Frugality, something second nature to our colonial forebears, is a trait we Americans seem to have forgotten. We are profligate in our material acquisitions and in their disposition. (Witness the growing mountains of toxic electronic waste that are almost as hard to be rid of as spent nuclear fuel.) Saving for a rainy day is not the meme it once was.
Similarly, in the immigration ecosphere, federal officials are just as wasteful of finite resources. Over many years, administrators at U.S. Citizenship and Immigration Services and the State Department’s Visa Office have bungled the distribution of a most precious commodity under their charge — the annual allocation of immigrant visas. Unlike material waste, however, immigrant-visa quota numbers evaporate without a trace rather than linger in the environment. Every September 30, all unused immigrant visas for that fiscal year disappear.
Moreover, unless Congress intervenes, nothing can be done to recapture a green card lost because immigration bureaucrats gave it to the wrong person or otherwise failed to make it available in time to a deserving would-be immigrant.
Unfortunately, “courts are not time machines” capable of undoing immigration-agency mistakes, as the Ninth Circuit Court of Appeals ruled last week in Li v. Kerry. The three judges deciding the case found themselves powerless to help a group of plaintiffs born in China who claimed they were the victims of improper green card allocation by USCIS and the State Department.
Although these agencies reportedly violated a law requiring the conferral of immigrant visas on a first-come, first-served basis, they instead gave green cards due the plaintiffs to other foreign citizens. The judges’ response: Too bad, too sad — for Congress created no penalty or remedy that the courts could apply when immigration officials, however often, misallocate or waste green cards. As Judge Reinhardt noted in his concurrence:
Plaintiffs have identified a significant problem with this country’s system of issuing immigrant visas. . . . [A]ccording to Plaintiffs, our nation’s immigration authorities wrongfully distributed to citizens of other nations over 40% of the available employment-based, third preference (“EB-3”) immigrant visas that, under the applicable statute, should have been made available to individuals from mainland China. These visas—numbering over 2,300—would have permitted applicants from China to live and work in this country as legal permanent residents and to start on a path to United States citizenship at the time intended by Congress. Instead, the government erroneously gave these visas to individuals from other countries, many of whom had been waiting far less time for the same type of visa than their Chinese counterparts. . . .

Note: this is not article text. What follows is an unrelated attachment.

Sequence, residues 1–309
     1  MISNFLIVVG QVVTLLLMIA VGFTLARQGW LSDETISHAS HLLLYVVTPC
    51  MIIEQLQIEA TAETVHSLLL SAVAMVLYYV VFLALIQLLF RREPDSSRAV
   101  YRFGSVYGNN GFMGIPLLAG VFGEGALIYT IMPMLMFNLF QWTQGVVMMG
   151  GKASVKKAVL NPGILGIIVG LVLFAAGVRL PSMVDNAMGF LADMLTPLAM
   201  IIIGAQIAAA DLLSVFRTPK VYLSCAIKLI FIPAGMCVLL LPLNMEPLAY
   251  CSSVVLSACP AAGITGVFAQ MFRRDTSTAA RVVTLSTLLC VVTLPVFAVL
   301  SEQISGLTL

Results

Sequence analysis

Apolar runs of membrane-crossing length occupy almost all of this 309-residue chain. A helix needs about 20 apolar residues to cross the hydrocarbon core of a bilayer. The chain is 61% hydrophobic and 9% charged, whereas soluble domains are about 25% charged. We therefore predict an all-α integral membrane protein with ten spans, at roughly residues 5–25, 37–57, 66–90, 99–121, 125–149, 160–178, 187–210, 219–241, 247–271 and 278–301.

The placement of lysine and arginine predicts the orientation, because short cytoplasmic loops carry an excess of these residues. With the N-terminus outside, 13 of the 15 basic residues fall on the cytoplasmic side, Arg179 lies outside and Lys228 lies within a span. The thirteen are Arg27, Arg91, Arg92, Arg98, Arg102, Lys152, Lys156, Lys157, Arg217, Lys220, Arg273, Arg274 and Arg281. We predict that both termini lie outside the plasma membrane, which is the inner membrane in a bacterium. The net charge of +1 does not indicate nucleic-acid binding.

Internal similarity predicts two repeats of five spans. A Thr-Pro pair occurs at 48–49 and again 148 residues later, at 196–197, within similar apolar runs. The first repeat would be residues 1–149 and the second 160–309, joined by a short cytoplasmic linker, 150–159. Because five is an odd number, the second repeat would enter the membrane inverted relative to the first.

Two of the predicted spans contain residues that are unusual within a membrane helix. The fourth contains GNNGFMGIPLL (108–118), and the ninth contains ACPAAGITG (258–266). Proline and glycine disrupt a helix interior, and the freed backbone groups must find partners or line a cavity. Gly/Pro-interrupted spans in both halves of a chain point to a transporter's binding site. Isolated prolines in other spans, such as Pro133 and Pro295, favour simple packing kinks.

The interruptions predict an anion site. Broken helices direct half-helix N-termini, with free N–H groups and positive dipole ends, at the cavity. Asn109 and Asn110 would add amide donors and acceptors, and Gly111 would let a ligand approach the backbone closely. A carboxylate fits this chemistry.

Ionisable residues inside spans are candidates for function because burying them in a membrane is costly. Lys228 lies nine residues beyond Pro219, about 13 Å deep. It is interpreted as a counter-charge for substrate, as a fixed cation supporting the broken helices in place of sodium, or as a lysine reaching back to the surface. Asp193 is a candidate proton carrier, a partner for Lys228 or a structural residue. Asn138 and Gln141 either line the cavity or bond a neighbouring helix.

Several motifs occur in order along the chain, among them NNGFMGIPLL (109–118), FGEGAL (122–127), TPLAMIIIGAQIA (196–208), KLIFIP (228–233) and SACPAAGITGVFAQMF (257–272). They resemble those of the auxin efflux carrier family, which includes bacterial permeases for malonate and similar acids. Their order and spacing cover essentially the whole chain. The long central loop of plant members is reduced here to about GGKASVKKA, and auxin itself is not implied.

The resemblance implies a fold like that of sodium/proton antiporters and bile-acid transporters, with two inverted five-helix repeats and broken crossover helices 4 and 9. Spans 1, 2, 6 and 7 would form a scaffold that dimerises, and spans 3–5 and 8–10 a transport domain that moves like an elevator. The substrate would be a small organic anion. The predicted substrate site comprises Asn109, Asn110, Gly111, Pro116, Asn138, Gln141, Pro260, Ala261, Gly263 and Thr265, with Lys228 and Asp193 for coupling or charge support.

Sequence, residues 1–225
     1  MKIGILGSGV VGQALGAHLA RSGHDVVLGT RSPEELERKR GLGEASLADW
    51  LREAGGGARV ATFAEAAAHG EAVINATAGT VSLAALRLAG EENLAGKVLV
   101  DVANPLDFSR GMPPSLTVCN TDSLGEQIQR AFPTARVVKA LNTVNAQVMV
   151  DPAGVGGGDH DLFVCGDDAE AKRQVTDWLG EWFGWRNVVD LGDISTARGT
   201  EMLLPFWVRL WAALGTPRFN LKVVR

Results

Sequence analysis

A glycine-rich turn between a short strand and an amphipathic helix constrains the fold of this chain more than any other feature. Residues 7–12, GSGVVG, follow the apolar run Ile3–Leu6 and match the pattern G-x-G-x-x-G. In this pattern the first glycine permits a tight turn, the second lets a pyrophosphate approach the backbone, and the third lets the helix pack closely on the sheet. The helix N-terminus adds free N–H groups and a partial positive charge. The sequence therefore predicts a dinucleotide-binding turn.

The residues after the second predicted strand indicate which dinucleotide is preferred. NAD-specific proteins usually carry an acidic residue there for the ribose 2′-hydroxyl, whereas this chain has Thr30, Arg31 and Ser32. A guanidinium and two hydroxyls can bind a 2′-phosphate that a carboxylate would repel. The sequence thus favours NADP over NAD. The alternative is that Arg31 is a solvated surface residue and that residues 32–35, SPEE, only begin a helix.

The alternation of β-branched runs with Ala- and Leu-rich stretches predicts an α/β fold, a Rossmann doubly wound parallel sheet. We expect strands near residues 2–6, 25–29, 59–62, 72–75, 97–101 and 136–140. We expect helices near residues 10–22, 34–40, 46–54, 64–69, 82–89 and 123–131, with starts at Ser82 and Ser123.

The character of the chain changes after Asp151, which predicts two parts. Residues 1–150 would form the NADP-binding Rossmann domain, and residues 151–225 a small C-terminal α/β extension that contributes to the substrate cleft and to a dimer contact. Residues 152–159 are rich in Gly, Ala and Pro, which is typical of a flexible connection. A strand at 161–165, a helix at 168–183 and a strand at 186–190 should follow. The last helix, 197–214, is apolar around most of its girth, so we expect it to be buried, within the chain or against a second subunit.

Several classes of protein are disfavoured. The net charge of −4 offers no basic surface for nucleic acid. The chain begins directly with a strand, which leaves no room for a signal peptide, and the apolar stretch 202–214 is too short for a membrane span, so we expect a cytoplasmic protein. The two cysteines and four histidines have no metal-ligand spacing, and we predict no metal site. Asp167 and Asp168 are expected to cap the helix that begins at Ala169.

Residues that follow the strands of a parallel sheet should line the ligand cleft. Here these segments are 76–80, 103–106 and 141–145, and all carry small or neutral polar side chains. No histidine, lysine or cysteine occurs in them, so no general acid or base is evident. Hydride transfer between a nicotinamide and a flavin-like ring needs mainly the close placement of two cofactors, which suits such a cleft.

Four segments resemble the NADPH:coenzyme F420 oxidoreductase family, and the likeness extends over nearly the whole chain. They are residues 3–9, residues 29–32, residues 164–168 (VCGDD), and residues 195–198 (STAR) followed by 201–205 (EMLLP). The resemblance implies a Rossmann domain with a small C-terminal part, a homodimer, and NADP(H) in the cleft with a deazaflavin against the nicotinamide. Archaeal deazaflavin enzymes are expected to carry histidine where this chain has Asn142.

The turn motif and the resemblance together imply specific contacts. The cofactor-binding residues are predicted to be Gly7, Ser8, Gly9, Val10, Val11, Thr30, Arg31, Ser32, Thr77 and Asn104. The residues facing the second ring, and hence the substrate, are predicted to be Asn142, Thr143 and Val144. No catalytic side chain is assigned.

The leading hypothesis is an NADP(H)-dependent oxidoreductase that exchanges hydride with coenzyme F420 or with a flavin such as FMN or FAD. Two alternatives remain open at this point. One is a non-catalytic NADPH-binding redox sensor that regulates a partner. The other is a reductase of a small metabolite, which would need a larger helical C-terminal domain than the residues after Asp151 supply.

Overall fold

[W]hat is clear is that during 2008 and 2009 (and likely beyond), as a result of either errors or oversights on the part of the responsible agencies, the immigrant visa system did not function in a manner consistent with Congress’s intent in creating it. Although we dismiss Plaintiffs’ complaint, our decision should not be read as condoning that unfortunate result.
If courts can’t fix the problem, then our elected leaders, having claimed repeatedly to be ultra-concerned about the interests of law-abiding immigrants who have played by the rules and patiently waited in the green-card line, must act.
The solution is not just for Congress to recapture lost green cards, as it did twice before in 2000 and 2005 when passing the American Competitiveness in the Twenty-First Century Act and the REAL ID Act, and as the President has just suggested (“The [Administration’s] proposal seeks to eliminate existing backlogs in the family-sponsored immigration system by recapturing unused visas . . . “).
As part of comprehensive immigration reform, Congress should enact a law providing that unused quota-limited immigrant and nonimmigrant visas in any fiscal year should automatically roll over for use in later years. The law should also grant courts the power to craft equitable remedies for persons like the plaintiffs in Li v. Kerry, short-changed by erroneous actions or omissions of immigration bureaucrats, without taking away vested visa benefits already conferred on others.
This new law ought to be a no-brainer. It grants not a single extra visa beyond the quota set by Congress. Rather, it reaffirms that we are not just a nation of immigrants but a frugal people as well.